Between this recent United Airlines scandal, and the cases we’ve seen splattered across the news in the last few years (how many videos have you seen on social media capturing car chases, violent crimes, acts of injustice and deadly accidents?) we’ve all been exposed to the power of technology in capturing and reporting crimes.
In fact, in the last few years, it feels like we have seen more crimes against everyday people by law enforcement and, in many cases, by civilians against other civilians. Are we experiencing a “rise in crime?” Experts say that crimes against, and within, certain populations have always been known; it is simply that we are now, quite literally, seeing more evidence of it thanks to social media and the rise in video and photos taken from cell phone and mobile devices.
Research suggests that 95 percent of people now own a mobile device of some kind. How can these devices impact our daily lives in ways we’ve never imaged? As everyday people going about our daily grind, why should we care? When it comes to accidents and injuries, it turns out they can impact a whole lot.
As a local personal injury attorney, based out of North Charleston, I have first-hand knowledge of just how powerful your cell phone is. This is especially true when it comes to accidents of any kind. A car accident, truck accident, motorcycle accident and more. This includes a “slip and fall” injury and even workers’ comp. When it comes to anything that falls under the blanket of, what is known as, personal injury law, your cell phone can be hugely important. Most people will experience at least one car accident in their lifetime-- so listen up and learn so you know how to take charge when an accident occurs!
1. Everyone is a potential witness.
Thanks to technology, everyone can witness and see your accident. Your friends, family, co-workers and countless strangers across the country are all people who could be exposed to your incident. On a personal level, this may be disconcerting to you; we all value our privacy. Consider this your reminder that anyone out there can snap pics or record video of things that happen in the public eye at any time. It may blur the legal lines, but in some way, pics and videos captured are considered “fair game” in personal injury cases.
2. You can secure your own evidence...
On the scene of an accident, you can be the best asset you have working for you. The camera in your phone can secure evidence that is crucial to your case. Especially if your case will come down to a matter of “she said, he said.” You can use your phone to snap the following:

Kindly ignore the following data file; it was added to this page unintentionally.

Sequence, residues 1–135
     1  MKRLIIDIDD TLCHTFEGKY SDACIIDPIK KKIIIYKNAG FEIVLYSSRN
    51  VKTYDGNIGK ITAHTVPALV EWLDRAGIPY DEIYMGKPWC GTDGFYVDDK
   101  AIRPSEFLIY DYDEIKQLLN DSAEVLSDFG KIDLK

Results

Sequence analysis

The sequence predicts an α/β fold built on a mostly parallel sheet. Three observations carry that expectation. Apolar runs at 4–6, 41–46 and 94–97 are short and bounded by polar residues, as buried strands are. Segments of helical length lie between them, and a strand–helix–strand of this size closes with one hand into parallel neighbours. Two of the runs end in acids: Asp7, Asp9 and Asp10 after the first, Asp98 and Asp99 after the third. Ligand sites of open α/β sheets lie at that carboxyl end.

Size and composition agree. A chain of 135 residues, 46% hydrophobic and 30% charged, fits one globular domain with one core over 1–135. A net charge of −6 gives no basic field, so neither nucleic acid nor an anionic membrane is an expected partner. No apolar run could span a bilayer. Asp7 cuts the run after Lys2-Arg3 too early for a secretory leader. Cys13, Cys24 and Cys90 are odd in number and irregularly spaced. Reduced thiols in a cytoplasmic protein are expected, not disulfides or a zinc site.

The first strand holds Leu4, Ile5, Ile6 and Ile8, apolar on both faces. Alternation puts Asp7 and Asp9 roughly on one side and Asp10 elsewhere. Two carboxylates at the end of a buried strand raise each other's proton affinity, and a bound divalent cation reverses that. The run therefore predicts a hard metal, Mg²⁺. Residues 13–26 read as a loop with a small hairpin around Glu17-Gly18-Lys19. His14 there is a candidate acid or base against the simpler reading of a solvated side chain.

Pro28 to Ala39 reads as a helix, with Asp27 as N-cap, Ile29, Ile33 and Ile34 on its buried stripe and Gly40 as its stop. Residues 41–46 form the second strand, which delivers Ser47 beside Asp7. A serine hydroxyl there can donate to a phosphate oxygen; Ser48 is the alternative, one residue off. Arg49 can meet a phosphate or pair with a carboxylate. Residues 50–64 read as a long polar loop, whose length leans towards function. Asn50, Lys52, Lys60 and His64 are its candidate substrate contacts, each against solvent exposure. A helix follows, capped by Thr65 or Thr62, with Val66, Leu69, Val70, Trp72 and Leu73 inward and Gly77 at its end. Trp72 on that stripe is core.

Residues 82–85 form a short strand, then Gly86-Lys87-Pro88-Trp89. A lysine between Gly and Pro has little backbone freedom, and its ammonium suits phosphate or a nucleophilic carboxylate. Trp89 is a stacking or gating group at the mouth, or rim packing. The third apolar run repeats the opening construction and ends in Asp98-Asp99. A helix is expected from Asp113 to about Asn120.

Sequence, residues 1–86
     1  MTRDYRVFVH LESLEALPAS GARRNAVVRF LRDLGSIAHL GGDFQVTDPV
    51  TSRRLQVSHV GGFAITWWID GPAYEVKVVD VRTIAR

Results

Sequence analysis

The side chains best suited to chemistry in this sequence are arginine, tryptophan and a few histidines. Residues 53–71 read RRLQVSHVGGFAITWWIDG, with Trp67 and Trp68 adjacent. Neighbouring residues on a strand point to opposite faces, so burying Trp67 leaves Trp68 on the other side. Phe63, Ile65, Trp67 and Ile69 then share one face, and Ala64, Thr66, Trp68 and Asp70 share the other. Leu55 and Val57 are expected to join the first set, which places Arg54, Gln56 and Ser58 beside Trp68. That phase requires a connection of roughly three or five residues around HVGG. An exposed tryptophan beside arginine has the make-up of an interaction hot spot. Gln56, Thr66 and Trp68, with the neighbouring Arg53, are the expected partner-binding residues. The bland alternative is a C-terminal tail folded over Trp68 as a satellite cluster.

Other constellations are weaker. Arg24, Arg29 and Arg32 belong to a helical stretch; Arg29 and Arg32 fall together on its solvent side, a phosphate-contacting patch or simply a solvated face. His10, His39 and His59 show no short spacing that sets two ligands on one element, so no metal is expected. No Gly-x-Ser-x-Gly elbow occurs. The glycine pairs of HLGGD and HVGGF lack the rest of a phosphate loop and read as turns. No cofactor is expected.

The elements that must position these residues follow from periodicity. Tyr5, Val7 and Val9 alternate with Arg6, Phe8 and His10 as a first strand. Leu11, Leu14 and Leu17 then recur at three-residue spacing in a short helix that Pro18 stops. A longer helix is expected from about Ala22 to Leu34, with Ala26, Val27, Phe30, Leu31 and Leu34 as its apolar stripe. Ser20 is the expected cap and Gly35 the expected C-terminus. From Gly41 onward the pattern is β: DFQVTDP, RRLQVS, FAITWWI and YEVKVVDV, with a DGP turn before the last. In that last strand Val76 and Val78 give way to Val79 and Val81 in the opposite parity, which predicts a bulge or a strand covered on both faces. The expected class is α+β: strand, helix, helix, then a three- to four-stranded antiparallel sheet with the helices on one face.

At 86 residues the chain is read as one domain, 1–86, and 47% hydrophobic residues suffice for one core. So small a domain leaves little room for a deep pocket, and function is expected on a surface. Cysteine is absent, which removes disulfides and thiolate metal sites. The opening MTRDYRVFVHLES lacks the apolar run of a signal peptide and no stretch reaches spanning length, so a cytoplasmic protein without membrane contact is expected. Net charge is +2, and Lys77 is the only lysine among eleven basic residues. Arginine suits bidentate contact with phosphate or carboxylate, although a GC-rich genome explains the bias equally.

Tire skid marks left on the pavement,
Road debris from your car or debris that got in the way and caused your accident,
Objects that blocked your view, like trees or lampposts and things that “shouldn’t be there” but are,
A 360-degree view of the accident scene, and
Damage to your car, and all other vehicles involved in the accident.
You can also use your phone to snap license plates, driver's’ license and insurance information for other parties involved.
3 … But you better watch what you post!
Social media is great, but you better be careful what you share online! In fact, any personal injury law firm will advise that you post nothing (yes, zip those lips!) about your accident or injury online. The more you talk, the greater chance your words can be used against you. It is much better to be safe than sorry. That pic you just snapped in the ER while bandaged up? Don’t you dare Instagram it! Don’t Snap from the scene, or Tweet your followers. Any pictures or video you capture should be used only as your attorney directs.
4. Be aware of the “YouTube effect.”
Law enforcement is not tuned out to the concept that regular people with cell phones have power. They have dubbed this the “YouTube effect,” and it is used to describe the rise in civilians using their mobile devices to show law enforcement in a negative light, regardless if those filmed are doing their job by the books or not.
As a civilian, if you are on the right side of the law, know that you are arming yourself. In an article from the Washington Times, a representative of the Superior Officers Association even went as far as to say that this “really dictates how a police officer reacts today.”
Just the same, if you have broken the law, the video and evidence you capture could easily be used against you. This is especially true if you are not complying with law enforcement.
5. The court of public opinion is legit.
While your accident case may appear to be cut and dry, there is a jury of “public opinion” that can still come into play. Which, of course, is made all the more possible by any video or pics that you, or other parties involved in your accident, capture as evidence. Public scrutiny and attention probably won’t determine the outcome of your litigation, but it can color the experience you have during the process. It can affect how those involved see you and, even more importantly, how others in your life see you. Which means the effect of your accident could be felt long after your case has closed, compensation has been awarded, and you are back to life.
In short, here’s the idea to run with- your mobile device is a VERY powerful tool when it comes to your personal injury case. You have to exercise caution with what you capture and how you share it; the same video that can work to your advantage can also crack your claim in half over it’s knee like a ninja with a wooden board if it’s used incorrectly. If you’ve already been in an accident, have cell phone video or pictures and are unsure of if they will help or hinder you, your best bet to ask an experienced attorney. They can educate you as to how your evidence can be used and if this can affect the trajectory of your claim."